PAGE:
Unlike that uninteresting yes/no question, an observation that while a certain model suggests immigration ought to lead to lower wages, say, but the empirics do not show this happening, enables an open-ended question about which assumptions are not correct, etc., and a much more useful, interesting line of inquiry.
But if you're forever looking backwards for the best explanation of what just happened, and pulling from a vast library of never-to-be-falsified models in the process (perhaps creating a new addition if none of the existing ones fit), how do you know that's not just an exercise in sophisticated just-so story telling?Delete
Making predictions by selecting models ahead of time (based on the context, and according to some hypothesized algorithm for model selection that anybody can use), allows you to both get feedback about your algorithm and the model, and maybe even give you confidence to shelve one or both permanently.
Failing to expose ideas to the risk of falsification seems like cutting yourself off from the only possible feedback the real world can give you.
... just to be clear, I have yet to read Rodrik's book: I'm just responding to your comment.Delete
Yes, I agree - "forever looking backwards" is not what I meant to suggest, and not what Rodrik implies. By "asking better questions" I mean essentially what you're describing - not "one model to rule them all," but a robust set of tools to describe critical assumptions and map them to appropriate models.Delete
So the model itself might not be falsifiable (which is why, as Rodrik explains, it's a "model" rather than a "theory") but the "better question" has to do with the rules for applying the model, which ought to be falsifiable, i.e., defining the assumptions under which the model works with increasing level of specificity.
One more point - I don't think the purpose of a model is necessarily to "predict the future" per se. If the model adds to our understanding of what's really going on in a system, that can be valuable (and falsifiable) as well.Delete
What I mean is - oversimplifying a bit - even if there's no model able to say "if we implement this trade policy, it will have precisely this impact on a certain factory in Ohio," there is value in turning that around, saying OK, this trade policy went into effect, and based on the empirical data and our models we're able to form such-and-such conclusions about this specific factory.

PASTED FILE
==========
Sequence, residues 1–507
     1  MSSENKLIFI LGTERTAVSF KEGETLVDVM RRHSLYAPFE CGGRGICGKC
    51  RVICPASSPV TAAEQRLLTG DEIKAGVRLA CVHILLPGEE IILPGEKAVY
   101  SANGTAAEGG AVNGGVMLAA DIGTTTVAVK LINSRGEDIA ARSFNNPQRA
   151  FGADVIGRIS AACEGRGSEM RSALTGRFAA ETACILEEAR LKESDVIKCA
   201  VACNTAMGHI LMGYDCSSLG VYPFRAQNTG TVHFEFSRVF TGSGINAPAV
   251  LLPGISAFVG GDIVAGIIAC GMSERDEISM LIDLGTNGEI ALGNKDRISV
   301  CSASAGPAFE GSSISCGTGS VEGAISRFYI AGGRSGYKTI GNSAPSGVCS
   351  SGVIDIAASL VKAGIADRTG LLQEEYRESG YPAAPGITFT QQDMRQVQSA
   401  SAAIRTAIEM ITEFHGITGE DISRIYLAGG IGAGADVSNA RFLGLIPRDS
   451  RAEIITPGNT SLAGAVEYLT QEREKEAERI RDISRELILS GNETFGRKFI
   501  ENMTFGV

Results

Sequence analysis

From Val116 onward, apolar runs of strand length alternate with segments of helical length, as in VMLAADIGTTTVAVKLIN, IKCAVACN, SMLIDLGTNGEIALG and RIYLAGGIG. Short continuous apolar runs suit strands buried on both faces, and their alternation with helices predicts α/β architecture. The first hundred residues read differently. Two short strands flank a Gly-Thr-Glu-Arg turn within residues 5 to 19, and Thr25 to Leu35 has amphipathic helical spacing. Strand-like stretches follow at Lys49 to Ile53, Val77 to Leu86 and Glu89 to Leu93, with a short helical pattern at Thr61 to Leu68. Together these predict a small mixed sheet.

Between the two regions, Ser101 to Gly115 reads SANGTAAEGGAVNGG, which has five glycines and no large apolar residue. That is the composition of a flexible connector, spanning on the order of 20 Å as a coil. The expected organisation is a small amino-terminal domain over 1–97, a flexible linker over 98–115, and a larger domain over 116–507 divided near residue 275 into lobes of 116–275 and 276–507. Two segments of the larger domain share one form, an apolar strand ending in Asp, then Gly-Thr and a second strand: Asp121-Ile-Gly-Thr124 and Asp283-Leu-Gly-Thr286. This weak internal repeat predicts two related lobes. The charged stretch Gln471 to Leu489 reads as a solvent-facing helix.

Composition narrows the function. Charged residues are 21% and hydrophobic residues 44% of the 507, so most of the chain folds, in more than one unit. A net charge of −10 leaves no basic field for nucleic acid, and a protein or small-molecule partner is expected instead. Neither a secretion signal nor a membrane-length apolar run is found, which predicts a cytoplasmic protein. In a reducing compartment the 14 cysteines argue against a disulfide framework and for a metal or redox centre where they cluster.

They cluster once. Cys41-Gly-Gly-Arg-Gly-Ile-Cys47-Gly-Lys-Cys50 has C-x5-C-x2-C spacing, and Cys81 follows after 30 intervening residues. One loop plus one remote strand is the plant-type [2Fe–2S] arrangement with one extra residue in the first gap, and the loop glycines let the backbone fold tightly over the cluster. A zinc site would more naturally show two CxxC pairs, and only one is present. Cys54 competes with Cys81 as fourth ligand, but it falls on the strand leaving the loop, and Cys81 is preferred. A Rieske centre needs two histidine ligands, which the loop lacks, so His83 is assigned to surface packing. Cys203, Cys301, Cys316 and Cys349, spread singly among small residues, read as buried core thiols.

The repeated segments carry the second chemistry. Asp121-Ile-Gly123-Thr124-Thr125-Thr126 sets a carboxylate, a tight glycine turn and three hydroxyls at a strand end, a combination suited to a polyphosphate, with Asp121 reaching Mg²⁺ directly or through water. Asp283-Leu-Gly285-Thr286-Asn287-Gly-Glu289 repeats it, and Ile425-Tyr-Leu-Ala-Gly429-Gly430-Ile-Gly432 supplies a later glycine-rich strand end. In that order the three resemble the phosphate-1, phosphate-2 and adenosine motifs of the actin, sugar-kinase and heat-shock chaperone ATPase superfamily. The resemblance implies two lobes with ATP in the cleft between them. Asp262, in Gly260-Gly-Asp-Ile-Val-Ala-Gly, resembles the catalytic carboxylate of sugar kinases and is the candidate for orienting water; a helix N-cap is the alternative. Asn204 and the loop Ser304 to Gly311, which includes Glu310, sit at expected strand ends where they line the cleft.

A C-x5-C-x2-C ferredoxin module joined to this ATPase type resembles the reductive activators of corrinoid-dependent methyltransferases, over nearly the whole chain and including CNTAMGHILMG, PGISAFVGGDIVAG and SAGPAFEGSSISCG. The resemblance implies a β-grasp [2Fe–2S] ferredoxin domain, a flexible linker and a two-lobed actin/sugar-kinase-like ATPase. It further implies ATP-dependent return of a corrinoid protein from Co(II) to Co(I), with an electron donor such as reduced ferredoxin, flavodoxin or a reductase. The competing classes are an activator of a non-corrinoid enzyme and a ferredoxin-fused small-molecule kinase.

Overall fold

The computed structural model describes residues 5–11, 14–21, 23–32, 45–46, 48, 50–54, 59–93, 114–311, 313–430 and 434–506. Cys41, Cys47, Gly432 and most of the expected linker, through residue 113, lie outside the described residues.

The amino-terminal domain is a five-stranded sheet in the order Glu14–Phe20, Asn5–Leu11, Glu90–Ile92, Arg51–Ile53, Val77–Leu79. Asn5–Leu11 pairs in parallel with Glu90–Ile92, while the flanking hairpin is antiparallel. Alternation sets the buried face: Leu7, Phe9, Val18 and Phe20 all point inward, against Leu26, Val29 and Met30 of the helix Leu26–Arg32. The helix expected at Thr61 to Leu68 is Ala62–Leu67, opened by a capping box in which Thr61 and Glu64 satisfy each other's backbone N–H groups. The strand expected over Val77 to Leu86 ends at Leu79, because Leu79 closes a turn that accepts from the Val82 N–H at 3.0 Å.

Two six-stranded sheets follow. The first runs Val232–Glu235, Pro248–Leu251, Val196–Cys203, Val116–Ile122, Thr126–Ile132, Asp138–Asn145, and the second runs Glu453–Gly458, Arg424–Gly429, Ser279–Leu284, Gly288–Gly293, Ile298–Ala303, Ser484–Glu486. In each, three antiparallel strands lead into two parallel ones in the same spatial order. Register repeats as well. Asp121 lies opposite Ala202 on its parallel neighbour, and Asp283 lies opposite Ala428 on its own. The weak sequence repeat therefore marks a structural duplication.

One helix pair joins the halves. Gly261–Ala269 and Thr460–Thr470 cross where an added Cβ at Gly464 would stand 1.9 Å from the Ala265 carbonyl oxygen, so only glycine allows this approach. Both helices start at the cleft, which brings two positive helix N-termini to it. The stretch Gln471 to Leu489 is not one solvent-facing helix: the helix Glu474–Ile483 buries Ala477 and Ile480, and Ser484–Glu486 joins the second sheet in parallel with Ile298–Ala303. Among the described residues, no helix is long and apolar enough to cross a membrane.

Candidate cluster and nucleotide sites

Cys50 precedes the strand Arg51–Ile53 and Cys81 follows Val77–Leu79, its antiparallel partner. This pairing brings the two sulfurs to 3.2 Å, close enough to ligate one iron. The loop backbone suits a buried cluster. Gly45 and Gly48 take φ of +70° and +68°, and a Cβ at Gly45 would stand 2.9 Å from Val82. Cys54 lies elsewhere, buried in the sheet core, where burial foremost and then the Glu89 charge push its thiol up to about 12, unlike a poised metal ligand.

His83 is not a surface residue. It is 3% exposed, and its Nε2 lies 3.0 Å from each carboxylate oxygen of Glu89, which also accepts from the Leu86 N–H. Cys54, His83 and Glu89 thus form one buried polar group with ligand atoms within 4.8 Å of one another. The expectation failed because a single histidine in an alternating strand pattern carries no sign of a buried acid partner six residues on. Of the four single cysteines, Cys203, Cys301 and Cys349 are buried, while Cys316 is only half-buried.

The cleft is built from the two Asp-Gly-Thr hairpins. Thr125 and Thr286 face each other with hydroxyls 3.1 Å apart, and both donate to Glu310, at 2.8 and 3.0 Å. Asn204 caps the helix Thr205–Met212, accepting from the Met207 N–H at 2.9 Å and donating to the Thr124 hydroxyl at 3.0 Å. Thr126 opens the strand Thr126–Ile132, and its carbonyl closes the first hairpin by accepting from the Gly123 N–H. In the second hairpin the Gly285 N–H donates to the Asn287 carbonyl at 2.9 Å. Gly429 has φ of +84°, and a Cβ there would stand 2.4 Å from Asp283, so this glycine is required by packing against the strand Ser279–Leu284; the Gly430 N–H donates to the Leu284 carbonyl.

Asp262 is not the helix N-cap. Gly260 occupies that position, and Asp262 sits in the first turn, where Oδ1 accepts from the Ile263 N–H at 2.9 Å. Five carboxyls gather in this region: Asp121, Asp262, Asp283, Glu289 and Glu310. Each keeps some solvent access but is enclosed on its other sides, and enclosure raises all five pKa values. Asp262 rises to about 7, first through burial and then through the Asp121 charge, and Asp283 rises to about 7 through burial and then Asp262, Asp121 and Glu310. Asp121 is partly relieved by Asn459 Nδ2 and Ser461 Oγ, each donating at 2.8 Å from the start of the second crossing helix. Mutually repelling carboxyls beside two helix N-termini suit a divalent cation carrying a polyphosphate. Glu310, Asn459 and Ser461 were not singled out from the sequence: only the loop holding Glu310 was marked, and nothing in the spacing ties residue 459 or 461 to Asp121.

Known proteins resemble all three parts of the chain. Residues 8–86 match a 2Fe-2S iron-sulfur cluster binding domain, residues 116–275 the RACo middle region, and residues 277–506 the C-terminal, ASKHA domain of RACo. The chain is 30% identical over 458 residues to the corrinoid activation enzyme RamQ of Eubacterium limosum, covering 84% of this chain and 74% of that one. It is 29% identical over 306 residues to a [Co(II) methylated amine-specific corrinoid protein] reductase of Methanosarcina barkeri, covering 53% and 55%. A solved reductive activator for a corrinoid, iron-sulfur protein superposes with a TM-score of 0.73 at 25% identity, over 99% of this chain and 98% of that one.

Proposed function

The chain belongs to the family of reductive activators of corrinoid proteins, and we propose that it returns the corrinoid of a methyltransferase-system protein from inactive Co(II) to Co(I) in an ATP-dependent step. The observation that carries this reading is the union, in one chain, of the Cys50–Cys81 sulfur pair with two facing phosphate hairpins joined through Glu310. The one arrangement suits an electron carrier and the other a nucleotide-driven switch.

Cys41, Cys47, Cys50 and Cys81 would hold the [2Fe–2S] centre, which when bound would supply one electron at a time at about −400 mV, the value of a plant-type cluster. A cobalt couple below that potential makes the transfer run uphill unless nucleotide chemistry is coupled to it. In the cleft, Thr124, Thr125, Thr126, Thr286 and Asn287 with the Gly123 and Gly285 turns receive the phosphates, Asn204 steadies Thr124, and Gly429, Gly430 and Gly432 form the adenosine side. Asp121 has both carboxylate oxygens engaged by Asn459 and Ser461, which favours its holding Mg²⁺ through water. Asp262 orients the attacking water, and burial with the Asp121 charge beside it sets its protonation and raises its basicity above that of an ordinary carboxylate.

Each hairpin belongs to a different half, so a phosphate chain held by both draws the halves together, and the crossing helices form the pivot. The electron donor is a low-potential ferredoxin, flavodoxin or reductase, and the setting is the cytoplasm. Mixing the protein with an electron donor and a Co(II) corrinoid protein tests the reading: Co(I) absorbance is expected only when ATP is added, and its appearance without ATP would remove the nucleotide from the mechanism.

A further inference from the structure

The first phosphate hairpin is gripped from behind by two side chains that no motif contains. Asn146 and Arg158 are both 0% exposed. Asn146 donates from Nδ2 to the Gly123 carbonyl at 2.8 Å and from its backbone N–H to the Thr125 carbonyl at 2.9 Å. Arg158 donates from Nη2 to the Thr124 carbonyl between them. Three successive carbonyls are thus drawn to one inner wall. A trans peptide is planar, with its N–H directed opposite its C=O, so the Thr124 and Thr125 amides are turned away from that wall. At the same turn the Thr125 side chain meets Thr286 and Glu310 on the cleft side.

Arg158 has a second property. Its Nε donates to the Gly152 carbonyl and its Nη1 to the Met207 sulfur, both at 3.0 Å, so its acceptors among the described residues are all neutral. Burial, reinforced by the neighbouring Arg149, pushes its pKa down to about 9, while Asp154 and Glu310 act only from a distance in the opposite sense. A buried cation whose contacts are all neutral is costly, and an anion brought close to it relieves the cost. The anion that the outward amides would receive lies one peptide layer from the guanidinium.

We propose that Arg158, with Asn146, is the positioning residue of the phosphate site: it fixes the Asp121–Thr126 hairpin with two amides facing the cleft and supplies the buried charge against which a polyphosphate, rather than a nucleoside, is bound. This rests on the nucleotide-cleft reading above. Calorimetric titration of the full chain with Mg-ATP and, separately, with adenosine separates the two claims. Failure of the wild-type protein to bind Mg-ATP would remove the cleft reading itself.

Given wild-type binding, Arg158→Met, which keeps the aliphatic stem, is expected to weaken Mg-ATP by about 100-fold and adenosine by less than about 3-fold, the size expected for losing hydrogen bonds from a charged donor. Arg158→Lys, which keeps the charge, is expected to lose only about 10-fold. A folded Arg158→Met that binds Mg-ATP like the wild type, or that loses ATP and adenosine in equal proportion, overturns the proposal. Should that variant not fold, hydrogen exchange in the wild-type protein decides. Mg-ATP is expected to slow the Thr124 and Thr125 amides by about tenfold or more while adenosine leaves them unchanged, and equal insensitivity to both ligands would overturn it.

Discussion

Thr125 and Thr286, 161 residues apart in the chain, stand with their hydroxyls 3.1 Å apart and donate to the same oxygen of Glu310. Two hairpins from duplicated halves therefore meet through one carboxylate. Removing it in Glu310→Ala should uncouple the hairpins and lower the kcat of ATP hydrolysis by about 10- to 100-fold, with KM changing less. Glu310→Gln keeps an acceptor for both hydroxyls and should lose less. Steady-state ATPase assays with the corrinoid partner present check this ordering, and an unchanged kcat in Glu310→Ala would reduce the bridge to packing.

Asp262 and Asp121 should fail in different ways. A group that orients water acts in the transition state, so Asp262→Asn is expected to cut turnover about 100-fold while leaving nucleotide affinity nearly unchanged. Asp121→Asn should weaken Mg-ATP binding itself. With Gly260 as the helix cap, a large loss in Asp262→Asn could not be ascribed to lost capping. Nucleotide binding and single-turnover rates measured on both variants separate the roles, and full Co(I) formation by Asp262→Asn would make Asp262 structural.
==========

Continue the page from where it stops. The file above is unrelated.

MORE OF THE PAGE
I can't believe you've only got 9 comments on this. Is that an all time low?ReplyDelete
I'm quite confused about the 'models can never be rejected' point. Doesn't this just invite, to use a technical term, a complete clusterfuck of models?ReplyDelete
I don't think Rodrik says models "cannot" or "should not" be rejected, it's more that they typically "are not." What I think he's suggesting is that since a model proposes certain correlations based on a set of assumptions, it's not generally the case that the correlation doesn't exist at all, but rather that the assumptions require a set of conditions that rarely happen. So it's not "wrong" it just may not be very useful.Delete
One might think that the solution is to have fewer models, but extend them so each one accounts for a range of assumptions - he argues against this, though, saying the more robust, more complex model isn't necessarily "better."
Even if Rodrik does not directly endorse the clusterfuck view, is it not where his philosophy leads? And is it not essentially where we are in practice?Delete
I'm not saying I have an answer to how and when theories in economics should be rejected. But I can't see much sense in never allowing them to be.
This comment has been removed by the author.Delete
@Unlearningecon, one possible paradigm here. I'm not saying that framework is best, just that it's an example terms of the framework and its relation to individual falsifiable models generated from it. Do you know of another example?Delete
Noah wanted to get your view on this proposal of mine...I think I might have discovered a way to prevent regulatory capture of a regulator.The idea is simple. Start with the assumption that regulatory capture will happen and nothing you do will prevent it from happening.Then you divide the regulator into three independent wings, like the Legislative, Executive and Judiciary. Have three wings which can act as check and balances to each other. The Holy Trinity. Example in Auto Industry there are three chief regulatory captures.Industry,Workers and Consumers.Let the wings have representatives from each sector. Then we let the Coase theorem come into play, i.e. let the parties bargain with each other and you will get a more efficient result.At the end of the day, the issue is of bargaining,and you cannot capture that that information in a model,because it is in a constant state of flux.Example: when the oil prices were 120$ the bargaining would be very different when the price of oil is 30$.The consumer would be willing to pay higher taxes if the price of oil is going to go down,ask for better,safer cars at cheaper prices etc. The worker will be asking for higher wages as the cost of owning and making a vehicle around the currant market price is lower, hence greater profits,have better bargaining on their protections etc. The Industry would like to maximize the profits of shareholders, want better labor mobility, hire and fire laws,competition, trade, protectionism etc.The Government should not exist in the three mechanisms, not because of any libertarian reasons, but because even if a single team gets it, bargaining becomes asymmetric and the "game" is over.Imagine it as a game with three teams. The Government will at most have the power of a referee in a soccer match or an umpire in a cricket match.ReplyDelete